Ex-intelligence officer with Greensboro police alleges Klan-Nazi files destroyed

by Jordan Green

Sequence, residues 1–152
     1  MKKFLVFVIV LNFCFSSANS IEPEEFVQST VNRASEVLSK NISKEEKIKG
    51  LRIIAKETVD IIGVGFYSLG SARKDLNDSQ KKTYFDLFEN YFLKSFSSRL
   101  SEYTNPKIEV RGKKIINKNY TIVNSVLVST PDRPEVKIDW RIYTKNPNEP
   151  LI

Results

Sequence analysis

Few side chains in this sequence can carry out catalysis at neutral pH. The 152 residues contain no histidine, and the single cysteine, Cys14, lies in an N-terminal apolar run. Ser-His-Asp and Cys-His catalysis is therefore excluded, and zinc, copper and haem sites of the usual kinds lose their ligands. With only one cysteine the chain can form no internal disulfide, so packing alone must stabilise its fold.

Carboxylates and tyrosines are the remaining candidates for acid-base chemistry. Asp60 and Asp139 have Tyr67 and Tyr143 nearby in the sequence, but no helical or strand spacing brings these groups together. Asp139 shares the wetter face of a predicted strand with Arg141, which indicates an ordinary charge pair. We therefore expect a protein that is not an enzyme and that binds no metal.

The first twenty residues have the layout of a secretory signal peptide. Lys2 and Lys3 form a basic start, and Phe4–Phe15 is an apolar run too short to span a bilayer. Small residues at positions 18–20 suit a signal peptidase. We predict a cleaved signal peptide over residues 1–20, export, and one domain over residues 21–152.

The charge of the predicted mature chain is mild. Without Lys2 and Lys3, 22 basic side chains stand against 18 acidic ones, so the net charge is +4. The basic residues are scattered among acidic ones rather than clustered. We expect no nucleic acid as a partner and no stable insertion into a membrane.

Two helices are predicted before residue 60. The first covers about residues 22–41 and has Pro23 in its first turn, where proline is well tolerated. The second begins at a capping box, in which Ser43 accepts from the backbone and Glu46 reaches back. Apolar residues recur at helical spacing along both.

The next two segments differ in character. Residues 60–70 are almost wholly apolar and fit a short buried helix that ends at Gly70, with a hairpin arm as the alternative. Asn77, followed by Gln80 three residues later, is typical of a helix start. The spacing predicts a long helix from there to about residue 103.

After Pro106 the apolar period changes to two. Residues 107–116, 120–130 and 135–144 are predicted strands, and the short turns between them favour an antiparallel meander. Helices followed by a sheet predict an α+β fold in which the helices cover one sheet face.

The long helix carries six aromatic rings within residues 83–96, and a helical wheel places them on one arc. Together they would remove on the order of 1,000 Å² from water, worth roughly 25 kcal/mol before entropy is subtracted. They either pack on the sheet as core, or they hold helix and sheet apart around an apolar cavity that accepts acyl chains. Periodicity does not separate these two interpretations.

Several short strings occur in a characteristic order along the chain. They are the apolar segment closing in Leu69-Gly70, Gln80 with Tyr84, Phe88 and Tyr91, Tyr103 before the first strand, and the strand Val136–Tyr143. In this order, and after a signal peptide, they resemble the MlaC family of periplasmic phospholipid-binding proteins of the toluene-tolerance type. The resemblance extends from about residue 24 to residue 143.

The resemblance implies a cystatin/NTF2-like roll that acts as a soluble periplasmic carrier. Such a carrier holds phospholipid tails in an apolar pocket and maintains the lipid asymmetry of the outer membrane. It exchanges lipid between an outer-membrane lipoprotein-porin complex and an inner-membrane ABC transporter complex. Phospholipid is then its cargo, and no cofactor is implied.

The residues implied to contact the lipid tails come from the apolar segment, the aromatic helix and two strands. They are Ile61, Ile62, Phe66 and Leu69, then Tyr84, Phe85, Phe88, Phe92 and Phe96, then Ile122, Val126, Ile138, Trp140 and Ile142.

The source of an allegation by four Greensboro pastors that 50 boxes of files related to the 1979 Klan-Nazi shootings were destroyed around the time the Greensboro Truth and Reconciliation Commission began its inquiry into the event is a patrol officer who was formerly assigned to the disbanded special intelligence section.Officer Julius Fulmore confirmed to YES! Weekly last week that he provided the information to the Rev. Nelson Johnson, a survivor of the deadly shootings. Fulmore alleges that Lt. Craig McMinn, then a sergeant and the commander of the special intelligence unit, ordered the destruction of the files. Fulmore’s lawyer, Amiel Rossabi, said he believes Cpl. Ernest Cuthbertson, then also a member of special intelligence, preserved about two of the boxes.Rossabi said Fulmore’s knowledge of the order to destroy the files is incorporated in a complaint alleging disparate treatment that has been filed with the Equal Employment Opportunity Commission, which may later become a federal lawsuit against the city. Police Chief Tim Bellamy has previously said that it would be difficult to investigate the alleged destruction of the files without knowing the identity of the pastors’ source.”He will say he was ordered to destroy the files and did not participate,” Rossabi said. “And he will say that Cpl. Cuthbertson preserved approximately two boxes.”Culbertson, who was reached by phone yesterday, declined to address the allegation. McMinn could not be reached for comment at either the police department or through his lawyer in Winston-Salem. “This is absolutely one-hundred percent ‘I want people to know,'” Rossabi said of Fulmore’s decision to make the allegation public. “The chronology will support the facts. He told an assistant city attorney about this well before he filed the EEOC claim. Somebody asked him to do something wrong and he wouldn’t participate. This has nothing to do with him wanting to gain an advantage in an as-yet filed lawsuit.”Retired City Attorney Linda Miles said she would have expected an assistant city attorney to inform her of such an allegation, and she had no knowledge of the matter before the pastors announced it at their press conference last week. Assistant City Attorney ToNola Brown-Bland , who worked on some police issues in late 2005, said she also had no recollection of hearing about the matter prior to the press conference last week. Two other assistant attorneys, Blair Carr and Maurice Cawn, were assigned to police issues in 2004 and 2005. Cawn remains employed with the city, while Carr does not. Carr could not be reached for comment at press time.The Guilford County District Attorney’s office made a determination last week that had the files been destroyed it would not have constituted a criminal violation. The police department then launched an administrative investigation to determine if the allegation is true. Chief Tim Bellamy said today that the internal affairs division plans to interview every current member of the department who has been assigned to the former special intelligence section or its successor, the criminal intelligence unit.The police whistleblower, who has long shied from the public arena, has played a quiet but key role in another police controversy that has embroiled public opinion in Greensboro – allegations of disparate treatment towards black officers and others under the former administration of Chief David Wray, who resigned under pressure in January 2006.Fulmore filed suit against the city last May, alleging secret intrusion into his and other black officers’ personal lives, along with conspiracy to damage his career that was motivated by professional jealousy on the part of white colleagues. Among the codefendants are Wray, Detective Scott Sanders, who is under indictment for alleged crimes related to his dealings with Fulmore, Cuthbertson and a third black officer, Norman Rankin; and McMinn, who supervised the plaintiff in special intelligence.Fulmore was assigned to a federal task force in 2003 to investigate a suspected drug captain named Terry Bracken, according to an internal report by the city legal department that examines allegations of misconduct under Wray’s administration. Of Bracken, a federal informant would later allege: “Bracken has created a group, which consists of younger black males, ranging in age 18-15, that controls the street drug trade in and around the public housing areas. This younger group of Bracken associates refer to themselves as ‘the Goodfellas.’ The group formerly used Club Atlantis [SIC] as a site to host hip-hop parties.”The officer came under suspicion among his cohorts in special intelligence when an informant detained at the Guilford County Jail, Pamela Williams, alleged Fulmore was providing protection for Bracken, the city legal report states. Raising skepticism among task force members from other agencies, who expressed doubt about the informant’s credibility, the police department placed a tracker on Fulmore’s police vehicle to monitor his activities. The report was authored by Carr and Brown-Bland, the two assistant city attorneys.The Rev. Johnson has said he believes the Klan-Nazi files were destroyed in 2004 or 2005, a period that roughly coincides with Fulmore being put under surveillance and suspended for allegations of improper relations with a prostitute. After confirming his role in alleging the destruction of the files, Fulmore declined to make himself available to YES! Weekly for further comment.In February 2004, the city legal report indicates, a vice-narcotics detective discovered that a hotel room was registered in Fulmore’s name. Sanders reportedly searched the room and found drug paraphernalia and a used condom. McMinn was also reportedly on the scene. Sanders discovered that a known prostitute and drug user had rented the room next to Fulmore’s.”Fulmore… stated that a cohort, Greg Lewis, was in need of a place to sleep for the night, so he rented the room for him,” the report states. “Prior to Lewis’ arriving, Fulmore decided to use the room to engage in an assignation with his mistress. Fulmore denied having sex with the prostitute. Hotel employees confirm that Lewis had stayed in the room registered to Fulmore. Lewis admitted being in the room and to smoking crack and using the drug paraphernalia found in the room. He denied any dealings with the prostitute.”Fulmore was placed on administrative leave in June 2004 while the incident was investigated. A month earlier, a selection panel had named the seven members of the truth commission, and in June the commissioners were sworn in before more than 500 people in a decorous ceremony held at the Depot in downtown Greensboro. Before he was suspended, Fulmore had argued in lineup that it was wrong for special intelligence to perform investigations on black officers, while allegations of misconduct by white officers were handled through the more transparent criminal investigation unit. “Officer Fulmore was chastised by McMinn for his vocal opposition to the wrongful conduct,” the lawsuit alleges. “In fact, almost immediately, McMinn, in his individual and official capacity, changed and downgraded Officer Fulmore’s evaluation.”Fulmore was cleared of all criminal allegations, and the city legal report noted that the only administrative violation that arose from the lengthy investigation was failing to document contact with a known offender. In March 2005, Fulmore returned to duty and was reassigned to patrol.The multi-agency investigation of Terry Bracken continued into 2007, and in October he pleaded guilty to selling marijuana and to selling a firearm to a felon, crimes that could net him up to 15 years in prison.The truth commission presented its report on the 1979 Klan-Nazi killings in May 2006. Since then the discourse over that contentious period of the city’s history has been subsumed by the growing controversy over former Chief Wray’s resignation. Fulmore’s allegation that McMinn ordered the destruction of files related to the killings has slammed the matter back into the public eye, both locally and nationally.The Rev. William J. Barber II, state president of the National Association for the Advancement of Colored People, requested federal intervention in the matter in a Feb. 28 letter to North Carolina Sens. Elizabeth Dole and Richard Burr, and to Reps. Mel Watt and Howard Coble.”We request a federal investigation of the Greensboro Police Department with full witness protection services for the officers who have and will come forward,” Barber wrote. “This request is urgent because we understand the Greensboro government says it cannot investigate this allegation without the identity of the whistleblower. We believe an outside FBI investigation can find other avenues for learning the truth. The officer who broke the ‘blue no-snitch rule’ is in obvious danger.”The Greensboro City Council passed a resolution last night welcoming the FBI and other federal agencies to review the police department.The Rev. Johnson, accompanied by three other pastors, alleged in a press conference on Feb. 23 that intelligence files were kept separate from other police files and that there are no backup files to the destroyed files.” The source, since identified as Fulmore, “said at least four active-duty police officers were present when the order to destroy was given,” the pastors said. Fulmore “then stated that several of the police officers took approximately 50 boxes of files and threw them in a dumpster.”Fulmore told Johnson that he believed McMinn, “if officially asked by appropriate city officials, would not lie but would tell the truth as it related to destroying the files.”Rossabi said Fulmore was assigned to protect officials involved in one or more of the criminal and civil trials that took place in the 1980s following the killings. “Officer Fulmore knew what was in some of the boxes,” Rossabi said. “He doesn’t know what boxes were destroyed and what were preserved. He was safeguarding some of the officials who were involved in some of the trials.”At least some of the intelligence files documenting police interviews with Klan informant Eddie Dawson and surveillance files on members of the Communist Workers Party were brought out through discovery in the 1985 civil trial. The files were donated by the plaintiffs and are available for review at the Southern Historical Collection at UNC-Chapel Hill’s Wilson Library.The jury in the 1985 civil trial found members of the Klan and Nazis jointly liable with Dawson and two police officers for the death of one of the demonstrators. In all, five communist labor activists were killed in the confrontation with ultra-right racists in the predominantly black Morningside Homes housing projects on Nov. 3, 1979. Klan and Nazi defendants were acquitted in two criminal trials.The role of the Greensboro Police Department in the confrontation has long been a source of controversy. The informant led the Klan-Nazi caravan to Morningside Homes, and his police handler, Detective Jerry Cooper, followed the group to the march’s staging area. Two tactical units were positioned away from the marchers, and police were not on the scene in force when shooting broke out. The truth commission determined in its May 2006 report that “the single most important element that contributed to the violent outcome of the confrontation was the absence of police.”One significant document did not turn up during the truth commission’s review of the 1979 killings. Commission staff had hoped to locate an operational plan outlining how the police should handle the anti-Klan march. Research Director Emily Harwell wrote in her notes before the commission released its report that some officers suggested that they saw the document and that it was destroyed.To comment on this story, e-mail Jordan Green at